Through his research over the past year and ongoing relationships with global companies headquartered in or having a significant presence in the bi-state St. Louis region, Kouvelis also noted there are tremendous examples of supply chain resiliency among them.
He cited Emerson, which has headquarters in St. Louis and facilities in the bi-state area and credited it as one of the most resilient companies in the region. He said one thing that has made Emerson more resilient over time is a change in their supply chain strategy. He said Emerson had been very heavy on sourcing from Asia but, over time, it developed a regionalized supply chain strategy. It strives to have a supply chain in North America for North America and in Asia for Asia and operate in Europe for Europe. These more regional supply chains have been an effort to bring things closer to the market. As a result, Emerson either has its own facilities or it has suppliers that are in the region to positively impact lead times. Kouvelis believes this is good for the St. Louis region, as it might bring more manufacturing closer to the region, especially since it is an environment that will make investments in infrastructure.
Kouvelis called attention to Bunge, which has gradually increased its presence in the bi-state region to leverage its logistics advantages, especially the river. Its new headquarters is located in Chesterfield, Missouri, a research and development center is located in St. Charles County, and its barge loading/grain facility is located in Fairmont City, Illinois, part of the Ag Coast of America. He also cited AB-InBev, and how the pandemic reinforced that the beer business is a logistics business.
“From a logistics business perspective, they are really the best,” said Kouvelis. “They don’t want to change St. Louis from being the logistics hub. They have moved marketing functions and finance functions to New York. But the logistics have stayed in St. Louis.”
He pointed to AB Mauri North America, the yeast manufacturer based in St. Louis, which saw demand increase by an estimated 400 percent during the pandemic, and highlighted Bayer, Millipore Sigma and Belden, which all have a strong presence in the region and share the common thread of resiliency in their supply chains — resiliency that has been years in the making. All of the companies Kouvelis has been engaging with have been willing to talk about their best practices for dealing with supply chain disruptions, sharing important knowledge for the benefit of all, without revealing private information.
Kouvelis believes other companies can learn from these corporations and he shared several key takeaways. Companies need some redundancy in their assets, either in facilities or in the inventories. They should consider a more diversified footprint, potentially having facilities in different areas as much as possible. He suggests supply networks also have to be very diversified, either at the global level or even within the different regions where a business operates. When something happens, companies should have the operational flexibility to switch assets or to find alternatives, which can require that businesses have a little buffer.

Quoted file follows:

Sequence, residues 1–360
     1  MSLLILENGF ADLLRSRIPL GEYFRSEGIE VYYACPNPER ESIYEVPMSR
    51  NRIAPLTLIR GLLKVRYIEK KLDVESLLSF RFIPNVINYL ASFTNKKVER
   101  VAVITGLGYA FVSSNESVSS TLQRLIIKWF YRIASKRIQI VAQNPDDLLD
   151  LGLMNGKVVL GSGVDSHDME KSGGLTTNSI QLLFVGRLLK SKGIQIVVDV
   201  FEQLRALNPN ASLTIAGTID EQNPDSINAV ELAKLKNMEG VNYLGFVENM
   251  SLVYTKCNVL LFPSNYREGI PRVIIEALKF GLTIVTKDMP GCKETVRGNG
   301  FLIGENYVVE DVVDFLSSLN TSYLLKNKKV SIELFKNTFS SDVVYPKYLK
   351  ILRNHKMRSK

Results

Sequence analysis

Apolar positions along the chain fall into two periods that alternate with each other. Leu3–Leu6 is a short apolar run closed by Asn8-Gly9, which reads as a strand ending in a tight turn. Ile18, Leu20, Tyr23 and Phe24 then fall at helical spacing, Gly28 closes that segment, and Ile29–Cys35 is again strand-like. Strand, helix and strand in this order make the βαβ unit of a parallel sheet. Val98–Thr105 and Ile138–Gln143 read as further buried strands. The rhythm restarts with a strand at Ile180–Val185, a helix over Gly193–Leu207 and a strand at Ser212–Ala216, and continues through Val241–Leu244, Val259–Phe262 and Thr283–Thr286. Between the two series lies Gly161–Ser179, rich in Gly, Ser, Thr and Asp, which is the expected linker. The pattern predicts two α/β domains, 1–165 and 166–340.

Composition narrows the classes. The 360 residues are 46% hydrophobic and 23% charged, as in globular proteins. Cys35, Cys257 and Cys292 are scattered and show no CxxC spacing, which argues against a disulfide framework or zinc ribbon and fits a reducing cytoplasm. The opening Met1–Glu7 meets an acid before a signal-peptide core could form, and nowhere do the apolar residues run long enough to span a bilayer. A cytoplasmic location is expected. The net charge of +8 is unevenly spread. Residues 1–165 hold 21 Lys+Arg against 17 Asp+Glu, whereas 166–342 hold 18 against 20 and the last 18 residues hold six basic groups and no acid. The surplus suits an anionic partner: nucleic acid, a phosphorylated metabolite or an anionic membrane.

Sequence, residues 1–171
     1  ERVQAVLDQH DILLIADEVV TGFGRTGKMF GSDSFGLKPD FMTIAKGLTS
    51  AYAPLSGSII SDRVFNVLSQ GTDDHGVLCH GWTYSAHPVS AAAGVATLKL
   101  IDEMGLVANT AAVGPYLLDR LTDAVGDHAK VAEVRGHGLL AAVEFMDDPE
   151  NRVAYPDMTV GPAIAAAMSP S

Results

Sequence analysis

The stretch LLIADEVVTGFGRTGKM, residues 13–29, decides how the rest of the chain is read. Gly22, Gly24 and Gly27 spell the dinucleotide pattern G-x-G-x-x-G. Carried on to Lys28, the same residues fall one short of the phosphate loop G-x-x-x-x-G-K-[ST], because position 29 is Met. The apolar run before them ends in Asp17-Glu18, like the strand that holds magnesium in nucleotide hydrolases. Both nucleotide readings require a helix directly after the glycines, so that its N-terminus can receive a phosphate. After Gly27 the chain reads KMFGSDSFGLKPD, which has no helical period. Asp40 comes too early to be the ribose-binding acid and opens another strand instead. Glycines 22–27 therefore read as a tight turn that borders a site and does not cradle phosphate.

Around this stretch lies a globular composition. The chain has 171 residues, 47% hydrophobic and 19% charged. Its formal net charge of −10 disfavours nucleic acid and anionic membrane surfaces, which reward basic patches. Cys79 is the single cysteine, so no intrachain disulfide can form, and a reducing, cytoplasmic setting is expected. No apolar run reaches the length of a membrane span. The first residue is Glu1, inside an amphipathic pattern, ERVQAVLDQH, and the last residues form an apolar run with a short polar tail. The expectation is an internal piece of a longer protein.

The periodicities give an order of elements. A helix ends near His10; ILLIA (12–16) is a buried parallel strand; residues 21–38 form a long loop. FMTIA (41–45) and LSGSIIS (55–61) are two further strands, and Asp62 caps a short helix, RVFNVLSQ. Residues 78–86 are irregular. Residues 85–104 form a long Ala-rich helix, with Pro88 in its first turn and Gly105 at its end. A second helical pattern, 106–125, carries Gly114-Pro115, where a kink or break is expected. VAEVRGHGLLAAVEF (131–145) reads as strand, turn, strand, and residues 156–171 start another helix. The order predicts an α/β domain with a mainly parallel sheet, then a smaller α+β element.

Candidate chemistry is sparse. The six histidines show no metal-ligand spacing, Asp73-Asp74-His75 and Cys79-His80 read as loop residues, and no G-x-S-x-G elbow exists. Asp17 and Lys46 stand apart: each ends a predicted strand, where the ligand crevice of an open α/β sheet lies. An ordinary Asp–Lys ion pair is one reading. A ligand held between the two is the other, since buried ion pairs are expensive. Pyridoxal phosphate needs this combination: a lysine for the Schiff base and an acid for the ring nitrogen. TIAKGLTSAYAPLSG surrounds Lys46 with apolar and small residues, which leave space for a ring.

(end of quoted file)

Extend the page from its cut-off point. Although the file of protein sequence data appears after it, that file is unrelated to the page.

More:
“One part of that is distribution, so there are advantages in having multiple alternatives,” said Kouvelis. “I think that the transportation alternatives that the St. Louis Regional Freightway is creating are a major advantage for companies.”
Mary Lamie, vice president of Multi Modal Enterprises for Bi-State Development and head of its St. Louis Regional Freightway enterprise, is excited about the work that Kouvelis is doing with these organizations.
“Kouvelis’ supply chain resiliency collaboration with private industries prior to COVID-19 has demonstrated the value of knowledge sharing within a specific industry, the value of redundancy and flexibility, and a region’s ability to work together to leverage human capital and logistics assets,” said Lamie. “The St. Louis region has a great positive business climate and thanks to forward thinking global and national corporations anchored in the St. Louis region, we’ll continue to lead the nation through the COVID-19 and future supply chain disruptions.”
About St. Louis Regional Freightway
The St. Louis Regional Freightway is a Bi-State Development enterprise formed to create a regional freight district and comprehensive authority for freight operations and opportunities within eight counties in southwestern Illinois and eastern Missouri which comprise the St. Louis metropolitan area. Public sector and private industry businesses are partnering with the St. Louis Regional Freightway to establish the bi-state region as one of the premier multimodal freight hubs and distribution centers in the United States through marketing, public advocacy, and freight and infrastructure development. To learn more, visit thefreightway.com.